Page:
At the roller derby in the Mardi Gras float warehouse on Saturday night (and what a wonderful and eclectic life I live to be able to begin a sentence with those words), Gregory was interviewing one of the Big Easy Roller Girls. The beautiful woman with tight blond braids is a Dutch psycho-therapist who moved here some 13 years ago and found a sisterhood with fellow skaters in the roller derby that takes place among the floats and caricatures from parades past.
She introduced herself, giving both her real name and her derby name, and explained that she was from The Netherlands.
“That’s in Europe,” she added.
We laughed. And she apologized; said she didn’t say it because she thought we were dense.
But maybe she felt compelled to say it because people have asked her in the past where The Netherlands is (are?). Hard to believe, but the surveys do show that we in the lower 48 have become notoriously bad at Geography these days. And the Dutch do call their country by more than one name, which may trip people up.
The Netherlands… is that near Holland?
Hollywood doesn’t help. There are countless misconceptions about the world that have been proctored by movies, from the Hope and Crosby road movies, that had little to do with the reality of the actual roads and destinations they portrayed, to the latest Indiana Jones movie.
Okay, Indy is fiction. His exploits are far-fetched. Aliens with crystal skeletons and all. That’s part of the fun. But if the archaeologist cum adventurer and his son Mutt are going to put the Harley motorbike on a DC-3 and fly to Peru, they should land in a place that is at least within a few hours of their destination. The iconic map, with the red line tracing the path as the images of vintage aircraft ghost through, takes them from the U.S. to Cusco, Peru. But in the next scene, they are in Nazca, near the famous lines that can be only seen from the air.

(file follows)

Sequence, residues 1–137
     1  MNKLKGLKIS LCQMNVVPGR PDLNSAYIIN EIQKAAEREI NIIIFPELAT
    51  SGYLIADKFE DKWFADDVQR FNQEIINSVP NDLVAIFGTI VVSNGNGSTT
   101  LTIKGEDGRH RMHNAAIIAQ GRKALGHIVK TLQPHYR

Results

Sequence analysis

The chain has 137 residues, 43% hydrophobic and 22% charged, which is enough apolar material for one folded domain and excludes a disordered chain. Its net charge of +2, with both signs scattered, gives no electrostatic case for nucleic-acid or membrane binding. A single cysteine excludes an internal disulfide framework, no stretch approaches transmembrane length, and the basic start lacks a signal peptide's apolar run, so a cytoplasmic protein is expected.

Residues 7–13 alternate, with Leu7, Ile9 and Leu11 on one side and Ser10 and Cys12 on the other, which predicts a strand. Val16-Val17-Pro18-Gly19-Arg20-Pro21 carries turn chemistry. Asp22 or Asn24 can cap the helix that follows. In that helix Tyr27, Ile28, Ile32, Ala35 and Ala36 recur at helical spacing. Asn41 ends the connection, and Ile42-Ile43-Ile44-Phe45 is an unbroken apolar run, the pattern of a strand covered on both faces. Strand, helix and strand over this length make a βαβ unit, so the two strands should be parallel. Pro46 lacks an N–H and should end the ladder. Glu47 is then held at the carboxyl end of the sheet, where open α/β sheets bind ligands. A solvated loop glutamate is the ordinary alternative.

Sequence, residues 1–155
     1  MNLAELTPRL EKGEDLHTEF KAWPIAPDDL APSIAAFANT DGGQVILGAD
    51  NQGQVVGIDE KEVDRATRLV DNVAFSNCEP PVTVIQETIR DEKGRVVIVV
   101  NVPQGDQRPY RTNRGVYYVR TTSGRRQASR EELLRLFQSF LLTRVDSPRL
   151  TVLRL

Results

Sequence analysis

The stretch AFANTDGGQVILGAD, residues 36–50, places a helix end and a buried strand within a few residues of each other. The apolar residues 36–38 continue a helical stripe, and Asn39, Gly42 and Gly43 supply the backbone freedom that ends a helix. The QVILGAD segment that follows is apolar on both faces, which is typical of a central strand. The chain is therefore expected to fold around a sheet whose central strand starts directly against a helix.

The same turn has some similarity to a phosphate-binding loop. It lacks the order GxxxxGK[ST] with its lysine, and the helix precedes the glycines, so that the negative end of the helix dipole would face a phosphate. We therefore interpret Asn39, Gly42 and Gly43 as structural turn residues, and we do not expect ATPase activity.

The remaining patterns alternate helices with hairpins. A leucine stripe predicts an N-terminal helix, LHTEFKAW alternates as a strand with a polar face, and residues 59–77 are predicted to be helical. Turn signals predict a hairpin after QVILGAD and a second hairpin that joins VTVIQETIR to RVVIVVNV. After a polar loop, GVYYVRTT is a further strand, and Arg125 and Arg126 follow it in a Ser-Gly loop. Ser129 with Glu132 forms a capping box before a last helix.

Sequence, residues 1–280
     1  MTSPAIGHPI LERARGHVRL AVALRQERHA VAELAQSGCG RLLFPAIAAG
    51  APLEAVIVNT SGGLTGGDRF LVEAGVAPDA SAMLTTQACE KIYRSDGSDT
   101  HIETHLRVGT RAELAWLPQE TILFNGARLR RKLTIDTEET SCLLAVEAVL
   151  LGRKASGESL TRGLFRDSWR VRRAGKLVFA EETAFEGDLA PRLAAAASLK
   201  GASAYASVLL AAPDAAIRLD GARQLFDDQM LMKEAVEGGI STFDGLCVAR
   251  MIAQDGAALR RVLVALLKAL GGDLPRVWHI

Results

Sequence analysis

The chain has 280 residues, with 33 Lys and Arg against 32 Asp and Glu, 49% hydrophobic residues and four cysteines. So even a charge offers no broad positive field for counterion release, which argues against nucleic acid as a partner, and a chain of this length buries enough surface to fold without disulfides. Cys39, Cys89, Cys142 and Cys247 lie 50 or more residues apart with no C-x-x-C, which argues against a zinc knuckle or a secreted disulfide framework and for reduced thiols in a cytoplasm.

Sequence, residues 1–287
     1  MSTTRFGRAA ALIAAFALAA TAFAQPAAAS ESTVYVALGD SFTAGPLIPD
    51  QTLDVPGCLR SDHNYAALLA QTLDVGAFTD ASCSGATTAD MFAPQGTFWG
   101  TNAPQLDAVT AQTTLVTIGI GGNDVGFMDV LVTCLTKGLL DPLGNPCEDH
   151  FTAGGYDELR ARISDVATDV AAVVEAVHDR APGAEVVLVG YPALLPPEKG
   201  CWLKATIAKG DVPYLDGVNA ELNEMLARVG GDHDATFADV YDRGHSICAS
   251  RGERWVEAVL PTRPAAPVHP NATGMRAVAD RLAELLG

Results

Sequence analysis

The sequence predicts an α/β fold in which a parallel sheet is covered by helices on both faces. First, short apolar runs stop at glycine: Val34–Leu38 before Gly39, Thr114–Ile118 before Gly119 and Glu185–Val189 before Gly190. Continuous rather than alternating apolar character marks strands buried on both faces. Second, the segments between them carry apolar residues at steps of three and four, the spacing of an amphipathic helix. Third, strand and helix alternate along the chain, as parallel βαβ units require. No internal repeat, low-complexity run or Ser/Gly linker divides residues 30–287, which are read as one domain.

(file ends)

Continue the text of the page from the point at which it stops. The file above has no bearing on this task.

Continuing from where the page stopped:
Nazca is near the coast, a drive of a few hours south of Lima.
Cusco is in the mountains, far, far from the Nazca lines, but close to the amazing Inca ruins of Machu Picchu. I’m fortunate to have seen both.
Cusco to Nazca would be quite a hike, even on a Harley.
Last week, a communist party leader in St. Petersburg wrote an open letter to Harrison Ford and Cate Blanchett, complaining of their portrayal of Soviets as villains. “Your work in this film is an insult to the Soviet and Russian people,” the letter said, “who remember the difficult Fifties when our country was concluding its reconstruction after the Great War, but did not send merciless terrorists to the USA.”
He said they were no longer welcome in Russia.
And in Australia, a head of an archaeological society has accused Dr. Jones of being a pillager. (Reminds me of a bumper sticker I saw in a dorm window at Princeton: “Remember: pillage first, then burn!”)
Maybe the American Association of Geographers should write its own open letter. And give the filmmakers a better map and Google directions to the Nazca lines.
And I can’t resist one more pictures of the float heads.